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So just who was this Richter guy and what exactly did he invent?

As every schoolboy knows, the harmonica was a simple all-blow instrument until a gentleman named Richter came along, added draw reeds to it and devised the tuning that bears his name to this day. However, as with so many aspects of our favorite instrument, things are not quite that simple...

First of all, who was the mysterious Herr Richter? The earliest published reference to the invention of the Richter harmonica that I have so far been able to locate is from the Zeitschrift für Instrumentenbau (Journal of Instrument Making) Vol. 3, No. 21, published in April 1883. The author of this article gives no first name for Richter, describing him as a Bohemian (meaning someone from the former Czechoslovakian region of Bohemia, rather than any modern interpretation of that term) originating from Maida, although it would seem that this was a misspelling of Haida (also spelled Haid, Hayd or Haidau), now known as Novy Bor.

Many articles about the history of the harmonica draw from this article (either directly, or more often second-, third-, or more-hand) and refer to him just by his surname. Rudolph Chelminski in a 1995 article in the Smithsonian Magazine entitled "Harmonicas are... hooty, wheezy, twangy and tooty" refers to him as "Joseph Richter". This article was used as a source (sometimes with due credit, but often without any credit at all) by many other writers, but when I contacted Mr Chelminski to ask where he got the information regarding Herr Richter's name, he was unable to recall and no longer had the notes he made when preparing the article.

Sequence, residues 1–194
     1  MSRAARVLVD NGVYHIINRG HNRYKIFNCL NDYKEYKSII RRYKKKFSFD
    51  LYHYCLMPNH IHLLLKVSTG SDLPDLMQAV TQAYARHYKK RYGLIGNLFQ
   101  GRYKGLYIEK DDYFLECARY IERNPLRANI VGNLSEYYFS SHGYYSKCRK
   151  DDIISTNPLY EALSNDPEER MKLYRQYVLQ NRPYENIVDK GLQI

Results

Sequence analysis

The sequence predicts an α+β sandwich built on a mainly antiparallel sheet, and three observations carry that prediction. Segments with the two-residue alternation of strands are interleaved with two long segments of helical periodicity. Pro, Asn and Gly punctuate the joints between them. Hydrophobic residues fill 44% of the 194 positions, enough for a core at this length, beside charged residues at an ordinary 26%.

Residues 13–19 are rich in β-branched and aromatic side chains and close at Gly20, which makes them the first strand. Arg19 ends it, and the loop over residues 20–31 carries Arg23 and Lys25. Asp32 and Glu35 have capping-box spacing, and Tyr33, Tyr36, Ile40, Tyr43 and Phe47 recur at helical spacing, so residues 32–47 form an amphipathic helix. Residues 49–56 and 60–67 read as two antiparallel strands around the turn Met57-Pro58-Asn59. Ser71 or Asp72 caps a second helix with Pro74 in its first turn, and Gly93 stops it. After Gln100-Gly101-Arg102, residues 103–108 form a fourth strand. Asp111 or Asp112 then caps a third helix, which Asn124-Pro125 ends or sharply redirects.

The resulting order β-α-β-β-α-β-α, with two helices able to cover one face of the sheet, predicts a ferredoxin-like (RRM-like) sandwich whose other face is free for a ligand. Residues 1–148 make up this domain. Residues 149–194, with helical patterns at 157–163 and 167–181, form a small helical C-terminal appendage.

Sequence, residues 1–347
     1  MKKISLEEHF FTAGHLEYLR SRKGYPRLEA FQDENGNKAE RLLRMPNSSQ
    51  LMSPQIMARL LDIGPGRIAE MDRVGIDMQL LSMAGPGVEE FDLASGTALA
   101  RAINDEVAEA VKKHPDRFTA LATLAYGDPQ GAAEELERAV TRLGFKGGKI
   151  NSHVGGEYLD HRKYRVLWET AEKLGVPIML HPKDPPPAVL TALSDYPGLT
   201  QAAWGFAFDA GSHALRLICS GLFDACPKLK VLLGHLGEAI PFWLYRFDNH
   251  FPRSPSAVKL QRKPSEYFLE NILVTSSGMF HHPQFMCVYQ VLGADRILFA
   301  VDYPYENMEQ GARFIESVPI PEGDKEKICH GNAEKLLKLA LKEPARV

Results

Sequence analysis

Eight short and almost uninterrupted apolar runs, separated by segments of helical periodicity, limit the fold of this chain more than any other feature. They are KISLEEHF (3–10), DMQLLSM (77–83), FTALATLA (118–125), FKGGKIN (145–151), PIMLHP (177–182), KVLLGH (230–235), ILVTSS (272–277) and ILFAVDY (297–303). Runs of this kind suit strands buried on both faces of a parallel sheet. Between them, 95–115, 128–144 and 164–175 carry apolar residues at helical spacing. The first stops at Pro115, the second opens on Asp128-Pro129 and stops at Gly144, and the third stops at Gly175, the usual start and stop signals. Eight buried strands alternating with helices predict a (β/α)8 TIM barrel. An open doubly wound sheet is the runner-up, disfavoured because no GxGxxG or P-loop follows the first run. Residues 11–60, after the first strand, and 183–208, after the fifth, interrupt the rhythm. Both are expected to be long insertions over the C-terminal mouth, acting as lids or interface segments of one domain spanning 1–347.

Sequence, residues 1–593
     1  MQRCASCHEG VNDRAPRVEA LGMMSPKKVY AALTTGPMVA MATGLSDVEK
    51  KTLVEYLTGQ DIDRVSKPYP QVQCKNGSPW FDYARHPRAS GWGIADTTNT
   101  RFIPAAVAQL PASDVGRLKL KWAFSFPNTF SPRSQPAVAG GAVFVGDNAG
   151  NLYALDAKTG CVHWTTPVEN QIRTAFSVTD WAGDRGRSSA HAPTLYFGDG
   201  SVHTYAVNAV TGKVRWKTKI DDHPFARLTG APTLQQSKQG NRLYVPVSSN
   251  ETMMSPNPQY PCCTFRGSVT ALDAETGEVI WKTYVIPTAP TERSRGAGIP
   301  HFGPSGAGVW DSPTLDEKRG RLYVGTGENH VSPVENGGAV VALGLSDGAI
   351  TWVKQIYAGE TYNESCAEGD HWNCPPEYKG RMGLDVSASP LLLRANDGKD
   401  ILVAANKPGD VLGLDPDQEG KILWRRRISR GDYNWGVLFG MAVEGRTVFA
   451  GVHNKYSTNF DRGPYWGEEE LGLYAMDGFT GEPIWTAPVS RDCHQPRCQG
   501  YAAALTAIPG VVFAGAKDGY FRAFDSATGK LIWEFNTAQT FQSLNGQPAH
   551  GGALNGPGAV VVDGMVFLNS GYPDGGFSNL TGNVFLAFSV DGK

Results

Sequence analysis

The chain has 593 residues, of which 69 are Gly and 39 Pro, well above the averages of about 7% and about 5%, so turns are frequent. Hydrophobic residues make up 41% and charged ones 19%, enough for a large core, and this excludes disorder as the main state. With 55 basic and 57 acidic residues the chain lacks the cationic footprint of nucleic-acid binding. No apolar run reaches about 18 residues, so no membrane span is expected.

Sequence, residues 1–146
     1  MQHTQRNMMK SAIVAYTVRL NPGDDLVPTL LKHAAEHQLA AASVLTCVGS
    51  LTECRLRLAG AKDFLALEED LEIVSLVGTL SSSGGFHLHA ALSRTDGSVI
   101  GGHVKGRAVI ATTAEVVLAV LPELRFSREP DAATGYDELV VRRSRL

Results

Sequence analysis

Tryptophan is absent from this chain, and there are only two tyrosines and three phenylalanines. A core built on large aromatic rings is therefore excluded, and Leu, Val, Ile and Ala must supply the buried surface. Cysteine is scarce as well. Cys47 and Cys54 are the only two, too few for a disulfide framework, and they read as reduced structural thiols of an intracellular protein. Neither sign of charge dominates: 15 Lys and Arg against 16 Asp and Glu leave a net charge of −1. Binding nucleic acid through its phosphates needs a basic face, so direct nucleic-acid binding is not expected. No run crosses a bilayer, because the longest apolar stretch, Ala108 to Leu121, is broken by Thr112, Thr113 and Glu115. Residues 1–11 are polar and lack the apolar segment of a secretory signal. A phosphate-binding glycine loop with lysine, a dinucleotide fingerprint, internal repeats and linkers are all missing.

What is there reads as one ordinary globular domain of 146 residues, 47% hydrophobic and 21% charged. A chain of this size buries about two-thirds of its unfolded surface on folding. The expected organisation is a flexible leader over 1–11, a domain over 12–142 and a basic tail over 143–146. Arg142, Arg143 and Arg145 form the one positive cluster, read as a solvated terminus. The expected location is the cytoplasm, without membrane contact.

In an earlier issue of ZFI (Vol. 2, No. 24, published in September 1882), mention is made of a harmonica maker called Joseph Richter, who started his business in Haid(a) in 1828 and relocated to the Bavarian town of Regensburg in 1867, whose instruments were distributed in Germany, Austria and Switzerland.

In their book Harmonica Makers of Germany and Austria, Martin Häffner and Lars Lindenmüller suggest that this Joseph Richter was the man who created the Richter harmonica, although they offer no hard evidence to support this assumption. Also based in Haida around that time was a harmonica maker called Anton Richter, whose harmonicas were often described as "Genuine Richters" in the US trade catalogs of the time (see the picture at the top of this page, taken from a John F. Stratton catalog of 1886). Other harmonicas were marketed with just the name "Richter" on the covers, with no indication of maker or place of origin.